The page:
Newcastle United will host Sunderland in what was traditionally one of the most tense matches in the football calendar.
The last time the two teams met on Tyneside, in December 2014, Northumbria Police tried a new style of policing.
Gone were the rings of steel and frog-marching fans from railway station to stadium. Instead, Black Cats supporters were encouraged to make their own way to the ground with police only stepping in if trouble flared.
The move, branded risky by some, paid off with a relatively trouble-free derby day.
And after consulting with fans, the force is hoping to once again adopt the same model for Sunday’s 1.30pm kick-off.
However, operations commander Chief Supt Steve Neill is reassuring the public there will be a highly-visible police presence before and after the game, and officers will be ready to adapt plans if necessary and deal with any disorder that arises.
He said: “Supporters from both Newcastle and Sunderland have been consulted in the run-up to the derby and they have had a valued input into preparations for the match.
“We must not forget we also have to police a normal shopping day in Newcastle and there will also be a Comic-Con event being held at the Metro Radio Arena on the day of the match.
“Our priority remains the safety of the public and anyone in the region on Sunday should be reassured that we have resources in place to tackle any disorder that may occur.
“We will continue with the tactics that have proved successful in recent matches between these two teams but we understand the importance of this game and our policing operation will reflect that.”
Extra police officers will be based at key points around Sunderland and Newcastle before, during and after the game to assist fans and members of the public who are not in the cities for the football.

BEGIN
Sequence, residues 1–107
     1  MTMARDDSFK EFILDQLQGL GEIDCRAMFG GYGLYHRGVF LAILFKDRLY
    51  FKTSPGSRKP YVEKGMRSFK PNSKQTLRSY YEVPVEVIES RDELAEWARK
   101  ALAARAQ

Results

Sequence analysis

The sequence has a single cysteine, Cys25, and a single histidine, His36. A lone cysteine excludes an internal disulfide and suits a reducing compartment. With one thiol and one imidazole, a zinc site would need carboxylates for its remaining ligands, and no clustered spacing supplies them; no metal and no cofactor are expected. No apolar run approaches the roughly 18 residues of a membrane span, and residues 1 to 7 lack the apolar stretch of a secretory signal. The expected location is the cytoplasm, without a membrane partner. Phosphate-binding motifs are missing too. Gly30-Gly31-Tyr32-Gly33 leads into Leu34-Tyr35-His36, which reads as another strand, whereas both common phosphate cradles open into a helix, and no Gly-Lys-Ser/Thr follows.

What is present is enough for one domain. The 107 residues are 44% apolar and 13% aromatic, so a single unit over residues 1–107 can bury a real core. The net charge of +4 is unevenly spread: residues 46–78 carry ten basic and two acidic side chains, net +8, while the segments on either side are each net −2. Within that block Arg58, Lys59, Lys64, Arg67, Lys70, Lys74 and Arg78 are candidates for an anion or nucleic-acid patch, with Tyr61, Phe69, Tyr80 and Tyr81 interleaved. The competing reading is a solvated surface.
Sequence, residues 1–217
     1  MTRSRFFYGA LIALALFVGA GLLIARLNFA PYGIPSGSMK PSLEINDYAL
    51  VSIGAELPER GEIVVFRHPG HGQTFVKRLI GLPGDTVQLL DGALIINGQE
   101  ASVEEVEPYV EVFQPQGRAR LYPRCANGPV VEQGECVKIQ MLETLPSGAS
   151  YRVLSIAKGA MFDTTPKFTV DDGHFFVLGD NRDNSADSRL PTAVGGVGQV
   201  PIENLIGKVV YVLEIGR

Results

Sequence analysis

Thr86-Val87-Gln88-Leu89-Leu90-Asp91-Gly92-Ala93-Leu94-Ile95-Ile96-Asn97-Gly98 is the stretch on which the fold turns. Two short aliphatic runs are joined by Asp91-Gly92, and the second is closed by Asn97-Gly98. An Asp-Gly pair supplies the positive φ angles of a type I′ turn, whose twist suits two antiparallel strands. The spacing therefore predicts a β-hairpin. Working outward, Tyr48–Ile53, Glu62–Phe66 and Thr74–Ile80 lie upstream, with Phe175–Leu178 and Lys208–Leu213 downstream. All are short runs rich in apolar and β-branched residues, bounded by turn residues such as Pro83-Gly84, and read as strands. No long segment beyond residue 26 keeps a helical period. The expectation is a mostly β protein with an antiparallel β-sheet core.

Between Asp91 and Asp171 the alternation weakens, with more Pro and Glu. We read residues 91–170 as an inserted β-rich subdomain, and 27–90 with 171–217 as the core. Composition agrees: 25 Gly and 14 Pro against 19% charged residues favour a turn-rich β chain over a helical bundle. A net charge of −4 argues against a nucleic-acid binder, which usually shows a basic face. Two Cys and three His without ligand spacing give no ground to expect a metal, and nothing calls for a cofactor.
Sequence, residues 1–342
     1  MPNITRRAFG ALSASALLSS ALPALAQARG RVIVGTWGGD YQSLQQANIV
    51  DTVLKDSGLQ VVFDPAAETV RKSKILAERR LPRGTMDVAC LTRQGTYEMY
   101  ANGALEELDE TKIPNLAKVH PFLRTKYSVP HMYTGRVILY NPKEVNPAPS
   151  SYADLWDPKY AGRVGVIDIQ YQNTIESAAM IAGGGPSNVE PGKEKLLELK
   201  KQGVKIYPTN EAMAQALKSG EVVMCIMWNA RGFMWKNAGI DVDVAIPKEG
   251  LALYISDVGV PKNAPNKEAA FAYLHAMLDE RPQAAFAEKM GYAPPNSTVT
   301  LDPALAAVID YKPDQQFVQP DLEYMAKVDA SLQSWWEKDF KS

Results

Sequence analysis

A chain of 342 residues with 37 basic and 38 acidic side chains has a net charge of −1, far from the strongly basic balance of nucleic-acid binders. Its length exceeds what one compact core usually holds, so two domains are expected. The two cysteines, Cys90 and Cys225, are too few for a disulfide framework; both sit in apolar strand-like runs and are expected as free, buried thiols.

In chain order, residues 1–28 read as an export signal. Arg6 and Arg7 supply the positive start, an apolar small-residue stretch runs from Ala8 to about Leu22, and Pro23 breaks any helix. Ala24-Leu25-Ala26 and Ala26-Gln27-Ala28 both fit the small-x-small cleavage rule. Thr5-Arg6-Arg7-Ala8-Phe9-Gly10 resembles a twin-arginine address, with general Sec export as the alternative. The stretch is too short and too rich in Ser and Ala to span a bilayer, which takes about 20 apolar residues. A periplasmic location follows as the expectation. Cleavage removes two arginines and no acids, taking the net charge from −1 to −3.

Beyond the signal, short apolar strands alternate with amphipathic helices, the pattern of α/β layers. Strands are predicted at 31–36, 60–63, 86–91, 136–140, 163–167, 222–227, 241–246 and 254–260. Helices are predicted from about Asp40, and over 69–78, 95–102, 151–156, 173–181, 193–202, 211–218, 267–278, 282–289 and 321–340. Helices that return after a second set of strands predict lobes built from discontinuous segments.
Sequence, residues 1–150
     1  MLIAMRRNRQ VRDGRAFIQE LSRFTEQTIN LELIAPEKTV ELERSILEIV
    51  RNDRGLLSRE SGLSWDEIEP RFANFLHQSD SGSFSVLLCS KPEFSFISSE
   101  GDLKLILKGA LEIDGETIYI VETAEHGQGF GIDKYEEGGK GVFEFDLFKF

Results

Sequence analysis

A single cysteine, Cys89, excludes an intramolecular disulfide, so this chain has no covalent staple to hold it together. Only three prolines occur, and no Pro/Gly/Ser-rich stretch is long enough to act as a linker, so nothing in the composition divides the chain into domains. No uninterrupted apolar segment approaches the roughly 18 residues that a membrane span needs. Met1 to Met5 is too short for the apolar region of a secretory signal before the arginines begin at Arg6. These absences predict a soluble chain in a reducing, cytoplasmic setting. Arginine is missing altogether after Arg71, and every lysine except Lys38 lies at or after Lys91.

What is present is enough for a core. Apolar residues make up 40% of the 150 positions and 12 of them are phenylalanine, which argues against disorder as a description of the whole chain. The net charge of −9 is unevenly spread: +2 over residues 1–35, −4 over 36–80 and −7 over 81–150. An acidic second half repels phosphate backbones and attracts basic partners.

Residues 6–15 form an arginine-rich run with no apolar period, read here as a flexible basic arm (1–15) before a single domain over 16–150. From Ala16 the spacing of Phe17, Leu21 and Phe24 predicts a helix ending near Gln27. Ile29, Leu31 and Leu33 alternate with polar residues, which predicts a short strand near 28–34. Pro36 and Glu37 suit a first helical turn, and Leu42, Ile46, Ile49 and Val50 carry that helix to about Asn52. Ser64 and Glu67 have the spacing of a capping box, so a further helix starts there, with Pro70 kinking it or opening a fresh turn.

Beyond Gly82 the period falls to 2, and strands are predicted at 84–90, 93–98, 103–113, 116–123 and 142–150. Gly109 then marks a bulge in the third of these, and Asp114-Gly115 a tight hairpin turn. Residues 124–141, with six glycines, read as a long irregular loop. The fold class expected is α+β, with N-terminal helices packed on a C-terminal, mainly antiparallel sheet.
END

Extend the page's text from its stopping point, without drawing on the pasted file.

Police have also worked closely with other agencies to once again secure an agreement with all licensees across the force area not to serve alcohol before 9am in a bid to minimise the likelihood of alcohol-related disorder.
This year, to help manage crowds at the turnstiles, police have worked with Newcastle United to install a queue management system that, it is hoped, will help supporters get into St James’ Park in a quicker and safer manner.
And as in previous years, Sunderland fans will be asked to remain in their seats for a short period after the final whistle, but the concourse will remain open so they will have access to refreshments.
Once supporters leave, it is hoped they will be able to make their own way to either the supporters’ coaches or to Central Station. However, there will still be a large number of police officers in the area to prevent any potential disorder.
Sunderland fans are also reminded that the coaches have been subsidised by the club and in previous years they have arrived back in Sunderland before trains had even left the station.
The last Tyne-Wear derby came just months after devoted Newcastle United fans Liam Sweeney and John Alder were killed in the MH17 plane crash.
The tragedy prompted Sunderland supporter Gary Ferguson to begin a fundraising drive in memory of the victims.
And football fans on Wearside put their rivalries aside to donate tens of thousands of pounds, marking a new era of respect between the once bitter rival sets of supporters.
The match, on December 21, 2014, passed without major incident – with just 17 people arrested – as did the following two meetings between the teams, both of which were at the Stadium of Light.
In praising the fans for their behaviour, Chief Supt Steve Neill said he believed a new era in North East football was dawning and that derby day was now filled with all of the “passion” but none of the “poison”.